Note: Because this post is about Jekyll itself, putting Jekyll code here as examples would cause my Jekyll installation to build it as code when I deploy, and that would suck. To get around that hurdle, I’ve put extra spaces within some of the example content, specifically like { { and { %.

There are already a lot of blogging platforms out there, and if you’re looking for a static site generators, the most popular one right now is Jekyll. A static site generator will take your content, some configuration and markup, and turn it into HTML which you can then host anywhere. There are advantages to a static site, the main ones being that your site is free from the pitfalls of a dynamic website built using, say, PHP, and that it’s going to be really fast since you’re only serving standard HTML. In order to write your content, you can use Markdown and Liquid, which only adds to the fun.


You will need Ruby and RubyGems installed for this to work. Jekyll can be installed using the following commands:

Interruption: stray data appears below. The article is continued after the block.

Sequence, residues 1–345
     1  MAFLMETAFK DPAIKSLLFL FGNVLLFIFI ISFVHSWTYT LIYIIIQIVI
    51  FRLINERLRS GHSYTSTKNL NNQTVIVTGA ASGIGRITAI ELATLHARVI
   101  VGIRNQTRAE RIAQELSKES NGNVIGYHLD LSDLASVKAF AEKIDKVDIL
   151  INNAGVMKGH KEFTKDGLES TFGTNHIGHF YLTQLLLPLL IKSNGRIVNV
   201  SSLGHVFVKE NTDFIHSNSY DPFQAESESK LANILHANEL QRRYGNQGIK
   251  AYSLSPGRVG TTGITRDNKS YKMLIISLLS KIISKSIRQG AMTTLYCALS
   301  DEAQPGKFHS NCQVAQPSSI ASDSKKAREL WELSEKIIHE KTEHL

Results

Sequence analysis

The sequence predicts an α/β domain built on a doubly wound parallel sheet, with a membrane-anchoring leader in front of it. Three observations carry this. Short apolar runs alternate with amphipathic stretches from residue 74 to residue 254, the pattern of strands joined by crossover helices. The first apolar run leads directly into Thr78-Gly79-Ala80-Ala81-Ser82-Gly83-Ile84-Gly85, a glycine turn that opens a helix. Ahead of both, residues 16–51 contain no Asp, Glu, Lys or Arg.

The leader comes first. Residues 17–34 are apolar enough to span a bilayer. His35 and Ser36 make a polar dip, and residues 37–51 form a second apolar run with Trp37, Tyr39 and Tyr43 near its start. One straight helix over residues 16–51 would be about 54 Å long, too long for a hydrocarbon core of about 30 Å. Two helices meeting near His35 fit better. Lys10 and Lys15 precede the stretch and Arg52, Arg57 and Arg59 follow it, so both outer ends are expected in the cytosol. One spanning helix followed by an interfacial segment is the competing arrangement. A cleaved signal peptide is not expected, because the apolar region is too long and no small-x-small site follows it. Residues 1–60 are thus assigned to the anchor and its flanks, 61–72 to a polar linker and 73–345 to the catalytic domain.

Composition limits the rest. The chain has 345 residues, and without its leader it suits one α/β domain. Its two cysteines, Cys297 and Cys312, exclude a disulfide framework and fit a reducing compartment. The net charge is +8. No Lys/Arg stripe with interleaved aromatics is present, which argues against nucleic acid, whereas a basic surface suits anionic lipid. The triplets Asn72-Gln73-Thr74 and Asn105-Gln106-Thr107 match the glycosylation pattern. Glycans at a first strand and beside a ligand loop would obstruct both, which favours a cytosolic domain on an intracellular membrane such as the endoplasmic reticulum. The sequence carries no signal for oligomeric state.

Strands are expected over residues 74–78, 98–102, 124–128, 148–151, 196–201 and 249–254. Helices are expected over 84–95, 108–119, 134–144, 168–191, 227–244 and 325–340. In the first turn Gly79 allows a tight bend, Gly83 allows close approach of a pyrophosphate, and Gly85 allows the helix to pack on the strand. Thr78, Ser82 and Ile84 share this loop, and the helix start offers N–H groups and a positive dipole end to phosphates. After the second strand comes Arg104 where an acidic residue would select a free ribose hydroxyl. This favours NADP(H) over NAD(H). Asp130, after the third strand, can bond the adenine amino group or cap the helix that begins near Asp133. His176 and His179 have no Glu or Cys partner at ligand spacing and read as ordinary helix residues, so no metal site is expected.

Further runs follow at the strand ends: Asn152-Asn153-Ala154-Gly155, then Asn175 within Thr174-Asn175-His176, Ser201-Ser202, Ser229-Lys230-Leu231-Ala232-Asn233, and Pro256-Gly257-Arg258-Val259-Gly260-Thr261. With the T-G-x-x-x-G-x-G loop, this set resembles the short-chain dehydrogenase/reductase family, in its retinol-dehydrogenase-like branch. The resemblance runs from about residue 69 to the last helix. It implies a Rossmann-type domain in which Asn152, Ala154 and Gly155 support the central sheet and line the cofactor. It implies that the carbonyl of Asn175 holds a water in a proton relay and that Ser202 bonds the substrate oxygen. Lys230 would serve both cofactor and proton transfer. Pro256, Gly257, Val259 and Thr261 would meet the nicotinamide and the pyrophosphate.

gem install jekyll
jekyll new my_blog
cd my_blog
jekyll serve

Now visit http://localhost:4000 in your browser. You should see your default “You awesome title” blog.

Note: To initialize Jekyll in your current directory, use jekyll new ., and jekyll new . --force to initialize it in a non-empty directory.

Further installation notes can be found here.

Directory Structure

- `_posts`: This directory will contain your main content.
- `index.html`: Home page.
- `_drafts`: Drafts go here.
- `_layouts`: Layouts for posts and pages.
- `_includes`: Included files.
- `_data`: Data directory.
- `_site`: Your final HTML content will go here.
- `_config.yml`: Site-wide configuration settings file.


Creating posts is simple. All you need to do is create a new file under _posts with the proper format and extension, and you’re all set. A valid file name is A post file must contain what Jekyll calls YAML Front Matter. This is a special section at the beginning of the file, contained within triple-dashes, which contain some metadata to be used while generating that file. This section can also contain special variables whose values are available for use within that post or other files that post includes. Useful for setting post titles, categories, and tags. It looks something like this: